CONTACT: GARY GALLUZZO
300 Plaza Centre One
Iowa City IA 52242
(319) 384-0009; fax (319) 384-0024
Release: Aug. 15, 2001
UI establishes center, names director for comparative
The University of Iowa Department of Biological Sciences
in the College of Liberal Arts and Sciences has received a $700,000 grant
from the Roy J. Carver Charitable Trust of Muscatine to establish a Center
for Comparative Genomics beginning fall semester 2001.
Housed in the newly renovated "Old Biology Building,"
the center will be one of the first of its kind in the United States and will
establish the university as a leader in the new and emerging discipline of
comparative genomics, which involves studying the inter-relatedness of all
life forms. In addition, the center's director will be William Ballard, former
Pritzker Associate Curator of the Field Museum in Chicago and one of the preeminent
names in the field.
"The goal of the center is to establish the relationships
among the diverse life forms on the planet and the historical basis for this
diversity," said Jack Lilien, chair of the department of biological sciences.
"Research will focus on analysis of DNA sequences from many diverse organisms
to establish the commonalities and differences between them.
"Dr. Ballard is recognized as a leader in this field.
We welcome him to Iowa where he will coordinate the efforts of a variety of
researchers already working in the field," Lilien said.
In appreciation of the Carver grant, Vice President for
Research David J. Skorton said, "The University of Iowa is grateful to the
Carver Trust for recognizing the UI's research strength and for funding future
research in this dynamic area."
Current UI biology faculty who will be affiliated
with the center include Associate Professor Joseph Comeron, an expert in bioinformatics,
a new method of analyzing DNA to reveal the relationships between different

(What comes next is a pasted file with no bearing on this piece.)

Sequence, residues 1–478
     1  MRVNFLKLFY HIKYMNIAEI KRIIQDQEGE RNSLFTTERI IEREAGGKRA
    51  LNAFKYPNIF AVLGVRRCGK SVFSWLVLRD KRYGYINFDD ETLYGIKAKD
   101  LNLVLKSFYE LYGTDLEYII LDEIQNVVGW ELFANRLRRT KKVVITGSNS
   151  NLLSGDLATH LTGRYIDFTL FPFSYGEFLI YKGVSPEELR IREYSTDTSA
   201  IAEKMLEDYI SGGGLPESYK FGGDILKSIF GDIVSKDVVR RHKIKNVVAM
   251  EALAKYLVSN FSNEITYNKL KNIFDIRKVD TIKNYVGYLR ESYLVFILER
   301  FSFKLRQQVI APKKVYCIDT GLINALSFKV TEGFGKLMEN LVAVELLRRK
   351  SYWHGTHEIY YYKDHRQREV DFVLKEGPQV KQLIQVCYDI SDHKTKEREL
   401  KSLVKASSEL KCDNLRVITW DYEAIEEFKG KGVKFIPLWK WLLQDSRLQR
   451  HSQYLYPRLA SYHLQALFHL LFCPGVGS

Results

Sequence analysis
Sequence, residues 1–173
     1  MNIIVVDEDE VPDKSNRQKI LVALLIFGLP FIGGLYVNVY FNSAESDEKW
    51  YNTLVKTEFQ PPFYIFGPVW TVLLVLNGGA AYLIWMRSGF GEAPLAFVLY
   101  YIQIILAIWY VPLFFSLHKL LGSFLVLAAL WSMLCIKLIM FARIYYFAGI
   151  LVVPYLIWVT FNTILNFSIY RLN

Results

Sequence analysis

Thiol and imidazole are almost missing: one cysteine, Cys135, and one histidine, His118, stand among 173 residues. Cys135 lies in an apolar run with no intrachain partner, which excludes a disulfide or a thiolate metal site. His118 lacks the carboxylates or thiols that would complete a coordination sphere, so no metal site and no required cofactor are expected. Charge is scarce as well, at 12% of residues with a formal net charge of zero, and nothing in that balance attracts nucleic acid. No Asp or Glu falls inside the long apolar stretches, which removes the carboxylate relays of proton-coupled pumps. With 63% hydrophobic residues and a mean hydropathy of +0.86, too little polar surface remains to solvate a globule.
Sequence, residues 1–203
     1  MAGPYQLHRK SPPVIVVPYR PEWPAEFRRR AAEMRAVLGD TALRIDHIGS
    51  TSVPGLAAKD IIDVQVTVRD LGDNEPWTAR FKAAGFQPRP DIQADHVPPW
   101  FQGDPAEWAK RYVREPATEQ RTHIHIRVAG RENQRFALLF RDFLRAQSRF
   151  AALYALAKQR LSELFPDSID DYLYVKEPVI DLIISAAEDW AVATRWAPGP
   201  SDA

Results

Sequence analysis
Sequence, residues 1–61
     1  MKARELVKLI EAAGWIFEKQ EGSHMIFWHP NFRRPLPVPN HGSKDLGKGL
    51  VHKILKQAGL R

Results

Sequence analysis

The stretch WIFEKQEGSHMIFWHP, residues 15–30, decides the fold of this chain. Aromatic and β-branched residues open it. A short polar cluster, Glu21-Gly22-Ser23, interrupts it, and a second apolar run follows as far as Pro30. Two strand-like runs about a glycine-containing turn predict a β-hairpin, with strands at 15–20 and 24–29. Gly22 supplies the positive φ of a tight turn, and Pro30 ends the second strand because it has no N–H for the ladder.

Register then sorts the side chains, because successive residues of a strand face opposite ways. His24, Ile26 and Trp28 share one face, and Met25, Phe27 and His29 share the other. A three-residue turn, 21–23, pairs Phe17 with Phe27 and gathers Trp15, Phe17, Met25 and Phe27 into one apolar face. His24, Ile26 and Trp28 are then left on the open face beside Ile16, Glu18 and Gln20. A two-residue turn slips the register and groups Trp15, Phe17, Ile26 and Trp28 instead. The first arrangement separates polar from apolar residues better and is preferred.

organisms. Also, Assistant Professor Debashish Bhattacharya currently uses
DNA sequences of algae to establish the origins of single-celled organisms.
Others expected to be part of the center are Associate
Professor Ming-Che Shih, Professor Jonathan Poulton, and Associate Professor
Chi-Lien Cheng, all of whom are studying the relationship among genes that
encode functionally similar proteins. The goal of their work is to determine
how a single gene becomes duplicated, ultimately coding for a family of proteins
with similar but different functions. Also, Professor Stephen Hendrix and
Assistant Professor Stephen Heard are studying how different animals and plants
that exist in the same environments co-exist, change and diversify in response
to changes in their physical and biological environments.
Lilien added that the department and the center are anxious
to establish interactions with other UI researchers interested in comparative
The Carver Trust grant for the Center for Comparative
Genomics was made through the UI Foundation, the preferred channel for private
contributions to all areas of the university. Foundation staff work with alumni
and friends to generate funds for scholarships, professorships, facilities
improvements, equipment purchases, research and other UI initiatives.